By: Jeff Parker (story), Paul Pelletier & Netho Diaz (pencils), Sean Parsons & Ruy Jose (inks), Wil Quintana & Andrew Dalhouse (colors)

The Story: It’s a bird.  It’s a plane.  It’s Aquaman!

The Review: Whenever a writer leaves a series I’ve particularly enjoyed, my first inclination is always to follow his lead.  Even if his successor has a sterling reputation, I simply don’t believe a person can truly emulate another person’s successes.  If it wasn’t for this gig, I’d probably follow through with those instincts.  But since I’m duty-bound to give most things a fair chance, I’ve instead come up with some criteria for evaluating the writer who steps into the old one’s shoes.

The biggest rule: don’t trample over your predecessor’s hard work.  If you want any hope of retaining fans of the last run, it’s best to respect and incorporate what has already been established.*  In the case of Aquaman, this task is crucial, but also easy because Parker can’t afford to abandon anything Geoff Johns created without carving out whole slices of the hero’s shining-new canon.  Even so, you get the distinct feeling that Parker doesn’t quite leverage the inventory left for him as well as he could have in this issue.

It’s puzzling, for example, why he introduces a whole new set of Atlantean characters when the ones we already have are still underdeveloped.  Not that Parker’s obligated to clean up Johns’ messes, but Tula, Murk, and Swatt were really ill-used on an Orm rescue mission that never actually took off, and even now, we still don’t know all that much about them.  Now that the brouhaha with the Dead King is over, now seems like a good time to integrate the three more deeply into Aquaman’s supporting cast.  Instead, none of them appear at all in this issue, supplanted by an even less-defined group of bureaucrats.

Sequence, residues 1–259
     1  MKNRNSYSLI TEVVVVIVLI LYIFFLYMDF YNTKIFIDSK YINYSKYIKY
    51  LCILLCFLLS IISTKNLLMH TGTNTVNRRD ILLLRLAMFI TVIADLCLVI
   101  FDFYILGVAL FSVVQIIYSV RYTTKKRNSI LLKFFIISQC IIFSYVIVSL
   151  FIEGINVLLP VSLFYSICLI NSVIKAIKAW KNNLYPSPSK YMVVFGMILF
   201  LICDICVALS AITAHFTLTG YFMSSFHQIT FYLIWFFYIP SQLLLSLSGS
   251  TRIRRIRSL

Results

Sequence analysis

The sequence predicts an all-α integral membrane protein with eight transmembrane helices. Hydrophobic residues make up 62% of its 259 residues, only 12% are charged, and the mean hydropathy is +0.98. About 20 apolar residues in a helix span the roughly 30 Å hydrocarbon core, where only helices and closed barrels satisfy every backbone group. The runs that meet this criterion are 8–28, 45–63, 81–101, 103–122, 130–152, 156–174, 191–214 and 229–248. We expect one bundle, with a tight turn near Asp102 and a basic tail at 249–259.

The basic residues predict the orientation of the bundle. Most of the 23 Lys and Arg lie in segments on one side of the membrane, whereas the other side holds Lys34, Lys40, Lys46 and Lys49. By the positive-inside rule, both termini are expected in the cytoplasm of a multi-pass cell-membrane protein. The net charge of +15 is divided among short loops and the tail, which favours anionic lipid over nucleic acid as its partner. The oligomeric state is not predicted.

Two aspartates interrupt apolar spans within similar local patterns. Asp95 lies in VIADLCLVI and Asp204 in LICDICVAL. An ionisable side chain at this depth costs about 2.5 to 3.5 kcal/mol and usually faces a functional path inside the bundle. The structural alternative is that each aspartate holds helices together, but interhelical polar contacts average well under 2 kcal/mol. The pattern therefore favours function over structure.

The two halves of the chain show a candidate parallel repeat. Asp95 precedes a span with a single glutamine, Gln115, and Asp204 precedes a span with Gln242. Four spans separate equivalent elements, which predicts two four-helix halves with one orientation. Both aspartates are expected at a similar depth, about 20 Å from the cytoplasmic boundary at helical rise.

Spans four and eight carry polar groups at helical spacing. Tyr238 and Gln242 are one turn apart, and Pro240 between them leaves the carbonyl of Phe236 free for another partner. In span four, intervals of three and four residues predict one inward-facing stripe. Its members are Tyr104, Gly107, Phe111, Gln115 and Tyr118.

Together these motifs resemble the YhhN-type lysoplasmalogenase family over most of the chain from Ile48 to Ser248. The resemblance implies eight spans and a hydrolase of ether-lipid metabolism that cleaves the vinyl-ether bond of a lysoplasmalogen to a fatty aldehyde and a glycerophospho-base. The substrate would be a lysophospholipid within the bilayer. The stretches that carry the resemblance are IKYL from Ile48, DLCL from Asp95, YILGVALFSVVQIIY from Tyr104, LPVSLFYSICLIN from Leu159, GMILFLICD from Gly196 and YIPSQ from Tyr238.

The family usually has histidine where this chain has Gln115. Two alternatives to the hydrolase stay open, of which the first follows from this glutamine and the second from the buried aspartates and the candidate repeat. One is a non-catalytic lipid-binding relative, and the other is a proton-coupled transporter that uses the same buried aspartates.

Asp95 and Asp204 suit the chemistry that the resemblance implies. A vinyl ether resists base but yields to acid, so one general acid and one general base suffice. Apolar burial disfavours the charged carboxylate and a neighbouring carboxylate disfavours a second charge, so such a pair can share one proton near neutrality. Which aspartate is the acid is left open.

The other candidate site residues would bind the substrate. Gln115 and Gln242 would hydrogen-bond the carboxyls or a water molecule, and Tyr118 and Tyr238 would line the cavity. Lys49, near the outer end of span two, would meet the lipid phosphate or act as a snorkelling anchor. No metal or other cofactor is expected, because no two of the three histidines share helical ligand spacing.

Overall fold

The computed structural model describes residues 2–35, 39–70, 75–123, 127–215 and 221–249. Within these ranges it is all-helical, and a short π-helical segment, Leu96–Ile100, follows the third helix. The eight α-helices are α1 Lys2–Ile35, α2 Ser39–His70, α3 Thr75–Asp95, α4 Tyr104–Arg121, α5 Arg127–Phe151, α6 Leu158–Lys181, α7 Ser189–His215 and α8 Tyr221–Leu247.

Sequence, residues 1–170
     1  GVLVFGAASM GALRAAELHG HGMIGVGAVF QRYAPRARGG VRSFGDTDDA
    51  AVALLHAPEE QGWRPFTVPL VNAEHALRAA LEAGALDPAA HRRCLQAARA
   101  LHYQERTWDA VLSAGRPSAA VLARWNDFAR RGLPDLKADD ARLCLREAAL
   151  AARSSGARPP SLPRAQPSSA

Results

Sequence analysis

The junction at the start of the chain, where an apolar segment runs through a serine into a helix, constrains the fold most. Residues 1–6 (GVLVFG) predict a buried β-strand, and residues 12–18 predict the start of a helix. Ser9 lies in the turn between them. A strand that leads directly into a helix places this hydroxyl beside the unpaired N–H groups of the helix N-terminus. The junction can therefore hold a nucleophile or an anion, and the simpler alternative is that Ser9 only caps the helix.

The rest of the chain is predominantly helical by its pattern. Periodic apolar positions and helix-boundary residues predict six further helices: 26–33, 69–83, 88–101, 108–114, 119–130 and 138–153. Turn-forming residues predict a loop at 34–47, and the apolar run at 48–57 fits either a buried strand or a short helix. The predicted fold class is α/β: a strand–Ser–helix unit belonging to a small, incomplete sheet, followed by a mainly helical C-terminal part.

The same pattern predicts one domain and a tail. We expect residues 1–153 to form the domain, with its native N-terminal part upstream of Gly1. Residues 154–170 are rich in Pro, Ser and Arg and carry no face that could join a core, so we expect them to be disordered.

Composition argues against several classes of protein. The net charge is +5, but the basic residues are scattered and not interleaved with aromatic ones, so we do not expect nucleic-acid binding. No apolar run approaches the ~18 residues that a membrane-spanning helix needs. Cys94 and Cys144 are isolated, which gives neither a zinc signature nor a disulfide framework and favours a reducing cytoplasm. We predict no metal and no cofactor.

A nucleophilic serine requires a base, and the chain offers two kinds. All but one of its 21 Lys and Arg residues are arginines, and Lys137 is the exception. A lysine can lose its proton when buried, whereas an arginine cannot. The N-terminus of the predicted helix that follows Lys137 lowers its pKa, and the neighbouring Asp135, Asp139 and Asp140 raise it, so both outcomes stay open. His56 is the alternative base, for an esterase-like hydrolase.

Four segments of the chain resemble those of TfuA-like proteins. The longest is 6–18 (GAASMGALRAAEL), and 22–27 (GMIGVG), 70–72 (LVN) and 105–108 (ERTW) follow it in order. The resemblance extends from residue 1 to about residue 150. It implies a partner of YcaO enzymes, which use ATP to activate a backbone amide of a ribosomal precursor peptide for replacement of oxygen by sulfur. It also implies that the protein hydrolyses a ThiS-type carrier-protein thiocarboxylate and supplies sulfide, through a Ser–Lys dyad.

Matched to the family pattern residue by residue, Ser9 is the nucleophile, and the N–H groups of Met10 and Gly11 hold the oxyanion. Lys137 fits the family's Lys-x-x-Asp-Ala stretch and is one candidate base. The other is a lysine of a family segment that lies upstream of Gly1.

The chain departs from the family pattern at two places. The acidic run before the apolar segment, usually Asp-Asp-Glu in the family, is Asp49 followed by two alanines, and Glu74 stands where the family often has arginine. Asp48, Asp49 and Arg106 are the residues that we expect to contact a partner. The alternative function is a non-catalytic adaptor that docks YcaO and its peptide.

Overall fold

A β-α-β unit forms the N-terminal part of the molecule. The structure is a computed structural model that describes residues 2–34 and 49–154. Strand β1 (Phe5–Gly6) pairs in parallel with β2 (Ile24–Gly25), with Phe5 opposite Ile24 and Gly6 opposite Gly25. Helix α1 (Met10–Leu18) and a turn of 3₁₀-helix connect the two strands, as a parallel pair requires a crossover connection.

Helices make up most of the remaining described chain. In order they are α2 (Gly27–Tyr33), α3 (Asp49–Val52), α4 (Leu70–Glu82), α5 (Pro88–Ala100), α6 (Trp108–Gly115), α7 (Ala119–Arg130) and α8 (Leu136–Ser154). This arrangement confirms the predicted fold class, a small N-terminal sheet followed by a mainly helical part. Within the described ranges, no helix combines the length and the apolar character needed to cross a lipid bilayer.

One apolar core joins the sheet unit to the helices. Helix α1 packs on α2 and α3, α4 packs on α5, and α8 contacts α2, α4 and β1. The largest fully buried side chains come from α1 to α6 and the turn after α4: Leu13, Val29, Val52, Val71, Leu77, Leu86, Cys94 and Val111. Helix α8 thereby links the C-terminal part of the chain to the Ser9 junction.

Certainly, it makes sense that if Arthur is going to immerse himself in the intricacies of his kingship, then we should get to know the major political players in the regime.  The problem is that none of the ones Parker creates brings much to the table, at least in terms of new story material.  Once again, you have strict loyalists (Neoh), sullen protestors (Koah), and the ambivalent (Kae and Marga), none of whom show much individual personality or purpose.  It’s not even clear, after the defunct royal forum, what their respective areas of influence are.  Instead of expressing new domestic concerns, they rehash old tension: Arthur’s connection to the surface, Mera’s race, etc.

Even Parker’s opening plot development of choice feels redundant and uninspired.  At best, the kraken that attacks the Icelandic coast seems like a bigger, dumber version of Topo.  At worst, the creature is yet another in a long string of rampaging daikaiju from the Godzilla family of fictional monsters.  Only at the very end, when Arthur attempts a psychic link do we get the vaguest sense of its nature, and that is little meat to chew on, indeed.

So what is there to recommend about the Parker run of Aquaman thus far?  Well, we know Parker is clever from his consistently delightful Batman ’66 work, and he puts that virtue to work in Aquaman’s new airborne method of travel—which is pretty dang awesome, come to that.  Parker is also determined not to keep Amnesty Bay an important part of the current Aquaman mythos, which relieves the worry I had after Arthur decided to commit to Atlantis in full.  There’s even a smart bit of character work in the way Arthur’s opening act in the issue is to continue his superhero work, only applied to his Atlantean citizens.  I wouldn’t mind seeing more of King Arthur playing Superman to the people of the sea.

Art-wise, it’s been a long time since the dazzling heights of Ivan Reis’ work on this title, as the efforts of both Diaz and Pelletier show us.  Neither artist manages to impress in this issue, though Diaz stands out for his noticeable similarity to Fernando Pasarin’s style of art, only with even blockier heads and a more limited range of expression.  Diaz doesn’t have the lighthearted feeling that Pelletier’s art evokes, but Pelletier can learn a few things from Diaz’s approach to action sequences.  Compared to Pelletier’s frequently bland panels, which are incapable of capturing the power and glory of Aquaman’s top speed, stratospheric punch, Diaz brings explosive energy to the action that Pelletier can only dream of.

Conclusion: A competent first issue to Parker’s follow-up on a remarkable Aquaman run, though he perhaps expends his efforts on mostly the wrong places.  The art can use a strong boost as well.

Grade: B-

– Minhquan Nguyen

Some Musings: * Keep in mind, these are rules for those coming aboard a successful/acclaimed run.  Jeff Lemire’s total reworking of Green Arrow, for example, is permissible because the title was lacking in both sales and critical praise.